Saturday, February 2, 2013

Glossing The Wake Through Two Pictures

"wipe your glosses with what you know" - FW p. 304

During some pretty idle and aimless book perusing and internet browsing I came across two images which I decided are good illustrations of important elements in Finnegans Wake. A saying goes that if a picture is worth a thousand words then a symbol is worth a thousand pictures. Let's take a brief look at how these two symbolic pictures sum up massive pieces of the Wake.


This is a woodcut by Japanese artist Utagawa Hiroshige from 1853. In imagining the recurring "characters" of Finnegans Wake, a family of five (sort of), I've found that it helps to maintain the idea of these figures as morphogenetic organic elements, not as individual people. A seemingly simple nature scene such as this one then manages to serve as a family portrait when you consider each character's earthly element:

HCE as Mountain
ALP as River
Shem as Tree
Shaun as Stone
Isabelle as Cloud

That's entirely what's represented in that picture. "Because it's run on the mountain and river system" (FW 288.F3). If you want to count the image in the Wake of the Chapelizod pub in which this "family" sleeps you can even find some little buildings in there.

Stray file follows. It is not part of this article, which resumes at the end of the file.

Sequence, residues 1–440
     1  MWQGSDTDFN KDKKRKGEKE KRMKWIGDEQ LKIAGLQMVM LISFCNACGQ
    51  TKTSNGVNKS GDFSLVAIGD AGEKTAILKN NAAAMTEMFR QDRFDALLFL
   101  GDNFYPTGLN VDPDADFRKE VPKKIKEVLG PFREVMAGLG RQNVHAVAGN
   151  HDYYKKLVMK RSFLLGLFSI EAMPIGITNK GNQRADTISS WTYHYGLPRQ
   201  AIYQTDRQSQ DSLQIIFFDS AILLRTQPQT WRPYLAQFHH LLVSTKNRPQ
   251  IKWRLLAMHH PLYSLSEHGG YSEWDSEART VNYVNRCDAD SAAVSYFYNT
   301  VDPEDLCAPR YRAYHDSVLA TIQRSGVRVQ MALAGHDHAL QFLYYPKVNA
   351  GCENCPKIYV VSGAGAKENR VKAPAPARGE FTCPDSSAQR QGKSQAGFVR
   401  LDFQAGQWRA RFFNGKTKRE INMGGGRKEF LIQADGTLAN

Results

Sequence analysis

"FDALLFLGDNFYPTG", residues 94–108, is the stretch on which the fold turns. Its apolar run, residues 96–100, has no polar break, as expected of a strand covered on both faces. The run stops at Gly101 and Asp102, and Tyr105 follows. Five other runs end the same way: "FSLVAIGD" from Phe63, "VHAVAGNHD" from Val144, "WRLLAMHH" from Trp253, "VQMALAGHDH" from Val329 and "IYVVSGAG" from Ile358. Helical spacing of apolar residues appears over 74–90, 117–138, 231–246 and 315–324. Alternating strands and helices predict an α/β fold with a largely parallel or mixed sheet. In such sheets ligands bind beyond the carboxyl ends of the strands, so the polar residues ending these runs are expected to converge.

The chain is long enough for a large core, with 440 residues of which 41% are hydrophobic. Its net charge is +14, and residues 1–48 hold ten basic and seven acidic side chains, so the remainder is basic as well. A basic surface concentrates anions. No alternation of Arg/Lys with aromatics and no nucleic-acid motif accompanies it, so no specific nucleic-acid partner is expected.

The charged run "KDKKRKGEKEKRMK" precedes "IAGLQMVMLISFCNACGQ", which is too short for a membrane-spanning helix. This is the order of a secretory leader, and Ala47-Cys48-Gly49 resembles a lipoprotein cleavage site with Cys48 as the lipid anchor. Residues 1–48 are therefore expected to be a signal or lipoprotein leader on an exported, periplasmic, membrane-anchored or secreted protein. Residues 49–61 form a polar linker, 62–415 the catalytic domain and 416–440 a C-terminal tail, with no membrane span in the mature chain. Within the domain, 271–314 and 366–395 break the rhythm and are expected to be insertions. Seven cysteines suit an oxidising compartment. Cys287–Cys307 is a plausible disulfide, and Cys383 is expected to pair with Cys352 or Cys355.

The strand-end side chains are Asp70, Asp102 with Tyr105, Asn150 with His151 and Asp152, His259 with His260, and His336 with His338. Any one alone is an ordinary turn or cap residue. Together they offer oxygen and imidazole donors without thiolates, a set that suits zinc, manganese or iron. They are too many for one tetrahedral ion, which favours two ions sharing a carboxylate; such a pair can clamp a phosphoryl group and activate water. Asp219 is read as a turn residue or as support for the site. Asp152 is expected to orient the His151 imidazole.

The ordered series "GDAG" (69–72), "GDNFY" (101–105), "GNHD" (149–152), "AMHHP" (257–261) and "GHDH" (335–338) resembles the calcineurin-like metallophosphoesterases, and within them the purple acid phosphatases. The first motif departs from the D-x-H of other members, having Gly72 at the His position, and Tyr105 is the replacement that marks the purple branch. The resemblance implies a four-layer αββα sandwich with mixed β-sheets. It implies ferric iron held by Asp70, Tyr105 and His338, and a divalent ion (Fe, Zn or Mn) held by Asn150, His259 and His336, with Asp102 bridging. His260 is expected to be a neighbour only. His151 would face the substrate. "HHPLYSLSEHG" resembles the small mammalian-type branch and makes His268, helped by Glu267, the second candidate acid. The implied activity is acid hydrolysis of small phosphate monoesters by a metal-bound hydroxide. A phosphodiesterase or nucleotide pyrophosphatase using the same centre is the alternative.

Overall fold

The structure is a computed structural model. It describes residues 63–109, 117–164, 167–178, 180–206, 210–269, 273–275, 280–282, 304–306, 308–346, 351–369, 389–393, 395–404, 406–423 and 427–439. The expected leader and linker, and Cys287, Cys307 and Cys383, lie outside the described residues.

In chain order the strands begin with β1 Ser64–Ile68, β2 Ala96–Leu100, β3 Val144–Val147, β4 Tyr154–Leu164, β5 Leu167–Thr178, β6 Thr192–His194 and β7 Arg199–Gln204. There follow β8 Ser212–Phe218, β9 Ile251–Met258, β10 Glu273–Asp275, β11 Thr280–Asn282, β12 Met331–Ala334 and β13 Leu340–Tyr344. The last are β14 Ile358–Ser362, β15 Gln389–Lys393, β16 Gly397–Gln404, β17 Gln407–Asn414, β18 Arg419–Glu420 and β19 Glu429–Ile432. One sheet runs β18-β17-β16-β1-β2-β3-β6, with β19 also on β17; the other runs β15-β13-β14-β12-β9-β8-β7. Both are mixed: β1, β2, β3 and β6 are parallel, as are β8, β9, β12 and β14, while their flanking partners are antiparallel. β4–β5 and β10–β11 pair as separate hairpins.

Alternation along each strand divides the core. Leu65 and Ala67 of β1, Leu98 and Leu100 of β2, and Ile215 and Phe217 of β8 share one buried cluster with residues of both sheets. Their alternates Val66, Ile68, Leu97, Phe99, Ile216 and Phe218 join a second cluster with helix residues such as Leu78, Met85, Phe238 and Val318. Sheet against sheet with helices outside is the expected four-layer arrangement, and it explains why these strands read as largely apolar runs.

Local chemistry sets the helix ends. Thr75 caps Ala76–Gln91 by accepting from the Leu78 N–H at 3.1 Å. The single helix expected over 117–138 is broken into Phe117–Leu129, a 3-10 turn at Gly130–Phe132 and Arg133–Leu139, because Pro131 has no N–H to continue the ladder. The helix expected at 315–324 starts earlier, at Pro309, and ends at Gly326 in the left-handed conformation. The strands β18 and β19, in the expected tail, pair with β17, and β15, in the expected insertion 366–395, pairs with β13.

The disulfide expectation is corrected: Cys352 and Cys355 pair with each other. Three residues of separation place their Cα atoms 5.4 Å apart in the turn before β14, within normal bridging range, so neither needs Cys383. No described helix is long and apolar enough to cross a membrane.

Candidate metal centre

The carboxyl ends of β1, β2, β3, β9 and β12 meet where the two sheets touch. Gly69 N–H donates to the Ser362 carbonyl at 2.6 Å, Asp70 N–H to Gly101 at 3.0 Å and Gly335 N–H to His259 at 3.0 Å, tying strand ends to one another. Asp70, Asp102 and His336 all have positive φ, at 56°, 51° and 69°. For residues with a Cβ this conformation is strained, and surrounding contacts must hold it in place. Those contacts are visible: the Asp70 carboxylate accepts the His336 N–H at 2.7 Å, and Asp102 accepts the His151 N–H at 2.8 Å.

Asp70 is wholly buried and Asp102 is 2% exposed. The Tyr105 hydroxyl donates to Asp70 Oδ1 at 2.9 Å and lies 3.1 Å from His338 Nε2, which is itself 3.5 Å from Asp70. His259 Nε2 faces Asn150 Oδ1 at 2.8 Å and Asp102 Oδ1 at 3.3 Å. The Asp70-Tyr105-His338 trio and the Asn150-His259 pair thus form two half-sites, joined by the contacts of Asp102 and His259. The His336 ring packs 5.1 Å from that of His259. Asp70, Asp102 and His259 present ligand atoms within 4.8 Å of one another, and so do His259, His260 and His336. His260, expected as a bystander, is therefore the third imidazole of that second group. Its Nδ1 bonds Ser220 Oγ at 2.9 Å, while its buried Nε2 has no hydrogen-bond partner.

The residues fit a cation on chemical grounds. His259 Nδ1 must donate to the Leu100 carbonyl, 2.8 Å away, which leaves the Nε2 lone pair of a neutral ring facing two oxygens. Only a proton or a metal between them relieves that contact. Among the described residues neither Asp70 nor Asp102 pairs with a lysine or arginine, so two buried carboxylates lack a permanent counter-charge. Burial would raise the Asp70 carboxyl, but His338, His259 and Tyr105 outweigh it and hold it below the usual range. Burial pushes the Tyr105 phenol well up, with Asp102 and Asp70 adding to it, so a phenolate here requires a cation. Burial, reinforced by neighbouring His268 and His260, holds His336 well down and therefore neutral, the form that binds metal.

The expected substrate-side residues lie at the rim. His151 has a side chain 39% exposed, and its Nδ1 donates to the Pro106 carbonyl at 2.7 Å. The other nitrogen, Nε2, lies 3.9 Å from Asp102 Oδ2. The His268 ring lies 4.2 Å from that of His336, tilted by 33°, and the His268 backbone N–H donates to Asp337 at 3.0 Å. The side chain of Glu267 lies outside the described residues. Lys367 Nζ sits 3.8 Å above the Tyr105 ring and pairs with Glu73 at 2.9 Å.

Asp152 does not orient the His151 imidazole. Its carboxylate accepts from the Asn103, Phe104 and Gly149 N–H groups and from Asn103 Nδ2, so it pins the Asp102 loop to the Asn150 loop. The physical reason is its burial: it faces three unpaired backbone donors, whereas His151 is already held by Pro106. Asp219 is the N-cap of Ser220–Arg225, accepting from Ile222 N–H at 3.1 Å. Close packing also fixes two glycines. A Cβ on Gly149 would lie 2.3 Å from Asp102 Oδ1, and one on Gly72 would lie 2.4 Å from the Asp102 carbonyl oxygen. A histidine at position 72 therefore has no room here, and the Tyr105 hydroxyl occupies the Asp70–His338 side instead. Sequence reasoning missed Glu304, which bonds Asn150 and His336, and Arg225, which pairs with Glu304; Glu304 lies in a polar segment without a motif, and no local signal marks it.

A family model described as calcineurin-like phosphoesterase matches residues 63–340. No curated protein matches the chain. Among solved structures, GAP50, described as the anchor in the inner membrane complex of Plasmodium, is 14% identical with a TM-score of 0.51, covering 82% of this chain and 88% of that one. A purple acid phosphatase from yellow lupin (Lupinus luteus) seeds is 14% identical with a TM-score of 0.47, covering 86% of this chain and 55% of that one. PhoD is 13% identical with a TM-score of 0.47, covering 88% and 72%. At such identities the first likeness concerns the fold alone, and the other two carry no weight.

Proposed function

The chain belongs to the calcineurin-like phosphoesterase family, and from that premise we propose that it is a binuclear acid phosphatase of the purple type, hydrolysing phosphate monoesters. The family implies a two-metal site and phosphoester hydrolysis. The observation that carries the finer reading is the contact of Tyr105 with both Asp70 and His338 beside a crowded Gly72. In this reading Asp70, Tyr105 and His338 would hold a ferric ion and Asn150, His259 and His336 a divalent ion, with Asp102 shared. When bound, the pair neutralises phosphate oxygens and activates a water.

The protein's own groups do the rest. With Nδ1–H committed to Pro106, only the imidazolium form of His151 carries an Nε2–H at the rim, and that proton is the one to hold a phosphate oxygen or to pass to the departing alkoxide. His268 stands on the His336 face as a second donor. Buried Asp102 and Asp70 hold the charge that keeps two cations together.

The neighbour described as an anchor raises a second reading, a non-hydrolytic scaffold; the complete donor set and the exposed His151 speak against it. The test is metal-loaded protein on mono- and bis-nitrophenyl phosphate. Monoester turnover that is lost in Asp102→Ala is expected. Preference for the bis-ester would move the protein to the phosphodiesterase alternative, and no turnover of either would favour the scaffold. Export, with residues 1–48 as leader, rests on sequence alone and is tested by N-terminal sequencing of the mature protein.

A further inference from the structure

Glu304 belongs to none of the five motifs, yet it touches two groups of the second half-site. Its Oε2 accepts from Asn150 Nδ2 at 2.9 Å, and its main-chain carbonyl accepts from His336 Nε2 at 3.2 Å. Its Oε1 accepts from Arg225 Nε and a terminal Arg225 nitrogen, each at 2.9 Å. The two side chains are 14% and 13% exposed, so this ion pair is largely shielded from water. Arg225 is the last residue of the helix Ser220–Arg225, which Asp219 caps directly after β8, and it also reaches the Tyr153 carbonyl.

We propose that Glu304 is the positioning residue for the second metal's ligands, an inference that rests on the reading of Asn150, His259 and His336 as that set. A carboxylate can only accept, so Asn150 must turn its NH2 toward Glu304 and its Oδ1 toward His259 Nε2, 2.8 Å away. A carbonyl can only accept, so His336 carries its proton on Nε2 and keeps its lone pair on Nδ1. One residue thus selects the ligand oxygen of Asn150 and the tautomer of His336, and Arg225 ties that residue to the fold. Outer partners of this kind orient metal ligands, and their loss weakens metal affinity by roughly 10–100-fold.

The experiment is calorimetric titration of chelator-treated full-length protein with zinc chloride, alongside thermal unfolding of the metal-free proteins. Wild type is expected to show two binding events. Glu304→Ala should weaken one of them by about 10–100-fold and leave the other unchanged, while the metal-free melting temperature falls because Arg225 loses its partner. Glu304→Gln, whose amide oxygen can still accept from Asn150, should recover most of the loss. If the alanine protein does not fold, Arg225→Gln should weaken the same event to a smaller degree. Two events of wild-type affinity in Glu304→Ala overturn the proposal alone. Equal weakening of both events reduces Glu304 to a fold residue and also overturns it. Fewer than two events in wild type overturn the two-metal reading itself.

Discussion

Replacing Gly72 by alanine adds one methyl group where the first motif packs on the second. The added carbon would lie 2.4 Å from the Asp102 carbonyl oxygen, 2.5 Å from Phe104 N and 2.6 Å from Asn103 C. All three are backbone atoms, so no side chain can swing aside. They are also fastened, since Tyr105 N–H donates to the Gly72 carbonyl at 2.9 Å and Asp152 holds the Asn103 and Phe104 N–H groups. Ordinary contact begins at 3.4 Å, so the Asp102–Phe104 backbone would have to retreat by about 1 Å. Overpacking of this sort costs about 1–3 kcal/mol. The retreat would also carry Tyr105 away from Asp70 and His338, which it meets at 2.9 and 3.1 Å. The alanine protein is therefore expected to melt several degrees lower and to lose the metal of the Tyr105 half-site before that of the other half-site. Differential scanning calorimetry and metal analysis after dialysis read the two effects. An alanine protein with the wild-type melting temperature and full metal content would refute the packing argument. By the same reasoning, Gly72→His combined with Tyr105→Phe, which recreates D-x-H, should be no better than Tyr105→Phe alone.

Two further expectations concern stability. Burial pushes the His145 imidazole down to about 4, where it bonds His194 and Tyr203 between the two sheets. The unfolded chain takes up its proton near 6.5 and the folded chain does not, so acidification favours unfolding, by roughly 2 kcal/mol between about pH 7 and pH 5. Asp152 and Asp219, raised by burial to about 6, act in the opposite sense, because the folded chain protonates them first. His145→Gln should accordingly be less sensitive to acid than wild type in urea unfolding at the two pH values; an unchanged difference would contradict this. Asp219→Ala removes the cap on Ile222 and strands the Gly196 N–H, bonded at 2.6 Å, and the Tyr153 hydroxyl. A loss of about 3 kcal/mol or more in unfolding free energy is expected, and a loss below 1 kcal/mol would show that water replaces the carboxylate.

This next one is both simpler in its representation and more difficult in concluding what exactly it means in the Wake.


Pretty familiar scene there. What's it got to do with the Wake?

From first page to last, Finnegans Wake is positively loaded with rainbows. The entirety of the 1st chapter in Book II, the stage play of "The Mime of Mick, Nick, and the Maggies" (the enactment of "a rainborne pamtomomiom" as p. 285 describes it) frequently features the seven colors with a dance of the seven rainbow girls who are described in endlessly varying names which always refer to the seven colors, as in "Rose, Sevilla ... Cintronelle ... Esmeralde, Pervinca ... Indra ...Viola" (p. 223) or, spelling out the acronym RAYNBOW on pg. 226:
"R is Rubretta and A is Arancia, Y is for Yilla and N for greeneriN. B is Boyblue with odalisque O while W waters the fleurettes of novembrance."
Page 247 has the line "Split the hvide and aye seize heaven!" which indicates splitting the white (Danish "hvide") so the eye sees seven colors.

In the final chapter of the book, there's a debate between Bishop Berkeley and St. Patrick revolving around light and the visible universe in which the druid Berkeley refers to "the his heptachromatic sevenhued septicoloured roranyellgreenlindigan" (p. 611). There are many interpretations as to the importance and meaning of the recurring rainbows and Joyce himself indicated in his letters that the book features an elaborately developed theory of colors. John Bishop in his outstanding study Joyce's Book of the Dark devotes a lengthy chapter (entitled "Meoptics") to exploring the idea that the Wake's play of colors represents visions streaming across the inside surface of the eyelids of the sleeping person within whose body (Bishop argues convincingly) the whole book takes place. In the midst of his exegesis, we're led to some very intriguing considerations of the human eye, a fleshy filmscreen and projector. (I'll have lots more to say about Bishop's great book and his unique ideas very soon.)